Pitched roofs are designed to let rain and other precipitation slide off. Flat roofs have no drainage, making it easy for water to build up and cause damage. This is why rubber roofing is a good choice for flat surfaces. Evan Greene, Sales Manager of Northeast Exteriors for the New England Branch of Long Home Products, explains that PVC membrane roofing is better in low slope roofing because it can handle water pooling better than metal or asphalt.
Rubber has waterproofing properties that make it more difficult for water to enter your home than other roofing materials. It’s also weather- and fire-resistant has minimal upkeep. Installing a rubber roof usually costs $7,000–$23,000. This guide covers frequently asked questions about rubber roofing and breaks down other cost factors.
What Is Rubber Roofing?
Most rubber roofing is made of single-ply membrane or long, single-layer sheets of thermoplastics. These membranes are almost exclusively installed on flat roofs or low-slope roofs, since these styles need more waterproofing than pitched roofs. The rubber roofing membrane comes in rolls that are adhered, screwed, or ballasted to the wood or metal roof surface.
Rubber shingles are an alternative to common asphalt shingles for pitched roofs. These shingles are typically made of 75%–95% recycled tires and other plastics. The installation process is similar to other types of roof shingles. Rubber shingles cost more than single-ply membrane, but they’re more durable.
Rubber Roof Membrane Types
There are multiple types of synthetic rubber membranes. Each type has different pros and cons.
Thermoplastic polyolefin, or TPO, is a relatively new roofing material. It was invented in the 1980s and first used on roofs in the 1990s. TPO must be welded with a heat gun, making it more complicated to install and maintain than other membrane types. TPO roofing is available in multiple colors. Those in warm climates can choose white roofing for improved energy efficiency.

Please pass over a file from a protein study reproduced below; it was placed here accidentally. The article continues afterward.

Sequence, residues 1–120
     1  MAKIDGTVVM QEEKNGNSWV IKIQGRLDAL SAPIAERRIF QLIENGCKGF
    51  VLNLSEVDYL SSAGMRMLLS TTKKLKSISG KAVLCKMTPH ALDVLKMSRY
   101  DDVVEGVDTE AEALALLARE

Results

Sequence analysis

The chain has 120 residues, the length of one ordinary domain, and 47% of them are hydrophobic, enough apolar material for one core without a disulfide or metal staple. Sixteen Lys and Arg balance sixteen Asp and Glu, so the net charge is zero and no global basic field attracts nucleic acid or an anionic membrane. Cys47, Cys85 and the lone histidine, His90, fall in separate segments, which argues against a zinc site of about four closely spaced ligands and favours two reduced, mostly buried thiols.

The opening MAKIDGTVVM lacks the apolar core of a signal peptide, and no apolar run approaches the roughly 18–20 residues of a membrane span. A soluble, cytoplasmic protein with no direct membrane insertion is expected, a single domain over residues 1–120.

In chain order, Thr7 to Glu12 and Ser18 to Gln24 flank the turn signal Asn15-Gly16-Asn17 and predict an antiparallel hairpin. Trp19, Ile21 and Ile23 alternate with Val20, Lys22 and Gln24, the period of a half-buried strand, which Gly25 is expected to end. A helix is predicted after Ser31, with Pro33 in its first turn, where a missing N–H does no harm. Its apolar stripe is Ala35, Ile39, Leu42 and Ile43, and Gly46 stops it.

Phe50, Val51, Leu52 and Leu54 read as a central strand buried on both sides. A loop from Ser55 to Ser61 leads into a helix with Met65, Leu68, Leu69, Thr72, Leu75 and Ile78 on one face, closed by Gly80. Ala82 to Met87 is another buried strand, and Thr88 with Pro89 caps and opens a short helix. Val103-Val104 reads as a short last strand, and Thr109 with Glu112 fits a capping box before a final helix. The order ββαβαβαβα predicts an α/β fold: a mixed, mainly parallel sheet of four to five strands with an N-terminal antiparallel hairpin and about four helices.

Pros and Cons of TPO
✓ Long-lasting, heat-welded seams
✓ Surface reflects UV rays
✘ Complex installation and maintenance
✘ Shorter life span
Ethylene propylene diene monomer (EPDM) is the only true synthetic rubber typically used in roofing. It’s also the earliest type of rubber roof membrane, so it’s been well-tested over the years. It can last up to 60 years with proper maintenance and usually lasts at least 20.
Pros and Cons of EPDM
✓ Easy to install
✓ Long life span
✓ Resistant to fire and hail damage
✘ Glued seams may leak
✘ Only comes in black, which retains heat
Polyvinyl chloride, or PVC, is typically the most expensive rubber roofing membrane, but it’s also the most flexible and leak-resistant. Unfortunately, it releases dioxins and chlorine as it breaks down over time.
Pros and Cons of PVC
✓ 20-year life span
✓ Heat-welded seams
✓ High weather-resistance
✘ High cost
✘ Less eco-friendly
Average Rubber Roof Installation Cost
Rubber roofs cost an average of $7,000–$23,000. Where your roofing project falls within that range depends on the following factors.
- Roof size: Rubber roofs cost $4.25–$14 per square foot.
- Membrane type: EPDM is the least expensive single-ply membrane, followed by TPO and PVC.
- Labor: Labor accounts for about 60% of professional roof installation costs.
Cost by Roof Size
Roofing materials and installation costs are typically priced by square foot, so the larger your home is, the more a new roof will cost. The average roof is about 1,700 square feet. A new roof would cost $7,225–$23,800 for a project of this size.
Cost by Membrane Type
Rubber roofing membranes don’t vary widely in price, but there are some differences. Make sure to balance cost with durability. The less often you need roof replacement, the less you’ll spend over time.